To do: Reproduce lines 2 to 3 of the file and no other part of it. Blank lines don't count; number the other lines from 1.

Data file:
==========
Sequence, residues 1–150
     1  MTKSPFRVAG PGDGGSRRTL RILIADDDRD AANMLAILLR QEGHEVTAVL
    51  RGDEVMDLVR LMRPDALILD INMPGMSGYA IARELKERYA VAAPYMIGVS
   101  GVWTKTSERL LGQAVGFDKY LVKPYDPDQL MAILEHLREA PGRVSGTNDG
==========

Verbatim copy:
     1  MTKSPFRVAG PGDGGSRRTL RILIADDDRD AANMLAILLR QEGHEVTAVL
    51  RGDEVMDLVR LMRPDALILD INMPGMSGYA IARELKERYA VAAPYMIGVS